distance: 11km/7 miles time: 4½ hours ascent: 550m/1800ft grade: energetic
MAPS (Harvey Superwalker) Central (Ordnance Survey) OL5 North–eastern area
PARK Across the road from Patterdale Hotel find a modestly proportioned pay and display car park GR 397159. The regular Stagecoach shuttle buses from either Ambleside, Keswick or Penrith turning at the entrance, a possible hazard for motorists, an valuable contribution to sustainable travel for walkers.
By fell and shore
To many Ullswater is the most scenic of all the lakes. It has the air of a mighty fjord snaking in a succession of reaches, from no one point is there a holistic view. At each of its turns comes a wholly new perspective to adore. Place Fell rises solidly to the east of the water-head community of Patterdale. Its high rugged sides and its eastward curving shore the basis of the upper two reaches of the lake. Passengers on the lake-long steamer cruises may gaze most intently at the high fells to the west, notably St Sunday Crag on their upstream journey. But travelling in either direction from Glenridding Pier to Sandwick Bay all eyes will inevitably alight placidly upon Place Fell’s colourful mural slopes. Place Fell is far more than a pleasing façade, it is a wonderful ‘place’ to walk. The prospects from its summit majestic, the outlooks from its roller-coaster shoreline path absolute heaven, from which description you rightly may determine this a very special fellwalking experience.
Regain the main road and walk left (south) from the Patterdale Hotel, the road bottlenecks in passing the curiously tapered White Lion Inn, obviously built on jealously limited circumstances. The footway leads to a tight meander of the enchantingly named Goldrill Beck, the stream-name refers to marsh marigold, to this day the valley pastures can glow with their rich yellow raiment. Turn left into the no through road crossing Goldrill Bridge to the rather exclusive community of houses known as Rooking.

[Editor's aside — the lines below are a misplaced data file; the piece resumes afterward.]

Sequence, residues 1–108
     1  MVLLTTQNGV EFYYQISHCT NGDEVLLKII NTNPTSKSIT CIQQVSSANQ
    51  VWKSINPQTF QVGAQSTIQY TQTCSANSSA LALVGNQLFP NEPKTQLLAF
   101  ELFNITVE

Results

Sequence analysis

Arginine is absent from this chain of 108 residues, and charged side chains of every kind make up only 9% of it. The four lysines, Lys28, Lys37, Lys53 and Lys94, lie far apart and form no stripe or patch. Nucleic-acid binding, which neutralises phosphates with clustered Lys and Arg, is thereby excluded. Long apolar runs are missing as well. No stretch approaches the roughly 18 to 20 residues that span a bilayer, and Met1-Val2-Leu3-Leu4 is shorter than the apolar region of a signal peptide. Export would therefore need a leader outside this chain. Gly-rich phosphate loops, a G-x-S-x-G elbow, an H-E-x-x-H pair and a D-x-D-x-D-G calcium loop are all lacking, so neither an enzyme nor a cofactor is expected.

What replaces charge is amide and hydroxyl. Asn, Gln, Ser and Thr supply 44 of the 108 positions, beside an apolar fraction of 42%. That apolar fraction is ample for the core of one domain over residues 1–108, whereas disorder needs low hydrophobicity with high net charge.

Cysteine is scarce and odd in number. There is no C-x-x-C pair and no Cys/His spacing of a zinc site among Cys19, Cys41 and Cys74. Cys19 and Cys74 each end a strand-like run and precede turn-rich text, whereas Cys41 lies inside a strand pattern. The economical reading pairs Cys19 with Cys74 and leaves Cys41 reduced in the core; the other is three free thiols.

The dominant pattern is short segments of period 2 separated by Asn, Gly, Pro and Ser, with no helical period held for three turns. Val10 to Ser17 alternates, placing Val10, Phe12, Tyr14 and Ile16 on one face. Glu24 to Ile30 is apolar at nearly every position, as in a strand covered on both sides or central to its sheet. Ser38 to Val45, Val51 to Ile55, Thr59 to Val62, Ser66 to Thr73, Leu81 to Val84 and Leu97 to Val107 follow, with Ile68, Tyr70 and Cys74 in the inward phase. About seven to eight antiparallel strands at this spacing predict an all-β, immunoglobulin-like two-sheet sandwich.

Keep left then go right at the gate signed ‘Boredale Hause and Angle Tarn’ and bear up right rising now with a bridleway following up by the wall climbing on with truly lovely views growing with every step initially framed by larch then as the path steps up through the bracken banks Arnison Crag draws the eye across the valley and higher the backing St Sunday Crag and left the majestic fells at the head of the valley surrounding Dovedale and the Kirkstone Pass with Red Screes and Brotherswater. Pitching has helped secure the path which is here part of the perennially popular Coast to Coast Walk, keep to the higher path where it forks. Reach the open bowl of Boredale Hause, a proverbial Piccadilly Circus of paths of all complexions, purposes and destinations. Both William Wordsworth and Alfred Wainwright fell into the trap of listening to the name Boredale, and assuming it referred to pigs. Hence they preferred the erroneous spelling, Boardale. They were completely wrong. The Norse for swine was ‘grise’ as in Grisedale, and the British was ‘moch’ as in Glenderamakin; in this instance the name prosaically meant ‘the valley with a storehouse’. Boredale lies in the almost permanent shadow of Place Fell, tucked into a secretive fold of the Far Eastern Fells, between Place Fell and Beda Head.